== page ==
Ultra Strength Original Dishwashing Liquid Colgate-Palmolive, New York, NY, United States Dishwashing liquid added to sealed bag with sample for cleaning of the bone model.
Vacuum bags Pacfood PTY LTD Heat safe, sealable plastic bags
Vacuum Food sealer Tempoo (Aust) PTY LTD Vacuum food sealer to seal vacuum bags prior to bath immersion



  1. Leary, O. P., et al. Three-dimensional printed anatomic modeling for surgical planning and real-time operative guidance in complex primary spinal column tumors: single-center experience and case series. World Neurosurgery. 145, 116-126 (2021).
  2. Tack, P., Victor, J., Gemmel, P., Annemans, L. 3D-printing techniques in a medical setting: a systematic literature review. BioMedical Engineering OnLine. 15 (1), 115 (2016).
  3. Ventola, C. L. Medical applications for 3D printing: current and projected uses. Pharmacy and Therapeutics. 39 (10), 704-711 (2014).
  4. Wilcox, B., Mobbs, R. J., Wu, A. M., Phan, K. Systematic review of 3D printing in spinal surgery: the current state of play. Journal of Spinal Surgery. 3 (3), 433-443 (2017).
  5. Mairs, S., Swift, B., Rutty, G. N. Detergent: an alternative approach to traditional bone cleaning methods for forensic practice. The American Journal of Forensic Medicine and Pathology. 25 (4), 276-284 (2004).
  6. Husch, C., Berner, M., Goldammer, H., Lichtscheidl-Schultz, I. Technical note: A novel method for gentle and non-destructive removal of flesh from bones. Forensic Science International. 323, 110778 (2021).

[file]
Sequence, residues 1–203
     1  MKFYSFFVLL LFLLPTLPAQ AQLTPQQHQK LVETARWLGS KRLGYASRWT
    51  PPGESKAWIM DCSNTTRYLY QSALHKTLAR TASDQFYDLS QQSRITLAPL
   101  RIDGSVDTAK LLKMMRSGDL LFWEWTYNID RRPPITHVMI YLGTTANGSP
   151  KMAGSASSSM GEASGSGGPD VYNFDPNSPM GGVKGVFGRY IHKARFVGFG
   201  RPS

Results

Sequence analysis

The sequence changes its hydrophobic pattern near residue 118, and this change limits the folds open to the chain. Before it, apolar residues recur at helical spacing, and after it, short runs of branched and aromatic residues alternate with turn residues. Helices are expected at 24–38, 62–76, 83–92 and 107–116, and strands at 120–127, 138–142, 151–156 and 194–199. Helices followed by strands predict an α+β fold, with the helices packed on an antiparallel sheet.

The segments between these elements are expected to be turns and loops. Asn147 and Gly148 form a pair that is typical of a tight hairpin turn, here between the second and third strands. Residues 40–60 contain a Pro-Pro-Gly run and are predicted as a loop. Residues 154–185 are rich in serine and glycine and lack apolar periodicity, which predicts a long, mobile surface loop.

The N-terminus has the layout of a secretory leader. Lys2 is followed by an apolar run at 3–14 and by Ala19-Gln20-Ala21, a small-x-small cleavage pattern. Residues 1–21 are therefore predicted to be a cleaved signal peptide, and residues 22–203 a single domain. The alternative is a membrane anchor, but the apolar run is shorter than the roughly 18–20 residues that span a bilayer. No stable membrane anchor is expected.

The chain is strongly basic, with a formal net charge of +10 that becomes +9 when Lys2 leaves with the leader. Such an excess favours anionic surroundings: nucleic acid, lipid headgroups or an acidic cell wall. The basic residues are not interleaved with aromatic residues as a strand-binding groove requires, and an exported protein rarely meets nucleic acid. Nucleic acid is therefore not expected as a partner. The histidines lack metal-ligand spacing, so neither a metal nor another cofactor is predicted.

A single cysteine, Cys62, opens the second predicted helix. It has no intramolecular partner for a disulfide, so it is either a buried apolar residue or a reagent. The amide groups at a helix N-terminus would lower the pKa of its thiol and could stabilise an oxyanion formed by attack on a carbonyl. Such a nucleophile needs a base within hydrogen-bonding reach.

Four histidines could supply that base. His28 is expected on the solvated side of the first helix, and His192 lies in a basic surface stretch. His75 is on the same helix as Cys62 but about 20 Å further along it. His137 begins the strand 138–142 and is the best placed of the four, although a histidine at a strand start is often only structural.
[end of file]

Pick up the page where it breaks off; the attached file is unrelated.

7. Couse, T., Connor, M. A comparison of maceration techniques for use in forensic skeletal preparations. Journal of Forensic Investigation. 3, 1-6 (2015).
  8. Mahon, T. J., Maboke, N., Myburgh, J. The use of different detergents in skeletal preparations. Forensic Science International. 327, 110967 (2021).
  9. Hussain, M., Hussain, N., Zainab, H., Qaiser, S. Skeletal preservation techniques to enhance veterinary anatomy teaching. IJAVMS. 1, 21-23 (2007).
  10. Simonsen, K. P., Rasmussen, A. R., Mathisen, P., Petersen, H., Borup, F. A fast preparation of skeletal materials using enzyme maceration. Journal of Forensic Science. 56 (2), 480-484 (2011).
  11. Burkhard, M., Furnstahl, P., Farshad, M. Three-dimensionally printed vertebrae with different bone densities for surgical training. European Spine Journal. 28 (4), 798-806 (2019).
  12. Rose, A. S., et al. Multi-material 3D models for temporal bone surgical simulation. The Annals of Otology, Rhinology, and Laryngology. 124 (7), 528-536 (2015).
  13. Werz, S. M., Zeichner, S. J., Berg, B. I., Zeilhofer, H. F., Thieringer, F. 3D printed surgical simulation models as educational tool by maxillofacial surgeons. European Journal of Dental Education. 22 (3), 500-505 (2018).
This article has been published
Video Coming Soon

Cite this Article

Fong, B. A., Crowley, J. D., Walsh, W. R., Pelletier, M. H. Vacuum-Sealed Hot Water Bath Immersion for the Preparation of Anatomical and Surgical Cadaveric Bone Models. J. Vis. Exp. (190), e64764, doi:10.3791/64764 (2022).More

Fong, B. A., Crowley, J. D., Walsh, W. R., Pelletier, M. H. Vacuum-Sealed Hot Water Bath Immersion for the Preparation of Anatomical and Surgical Cadaveric Bone Models. J. Vis. Exp. (190), e64764, doi:10.3791/64764 (2022).

Copy Citation Download Citation Reprints and Permissions
View Video

Get cutting-edge science videos from JoVE sent straight to your inbox every month.

Waiting X
Simple Hit Counter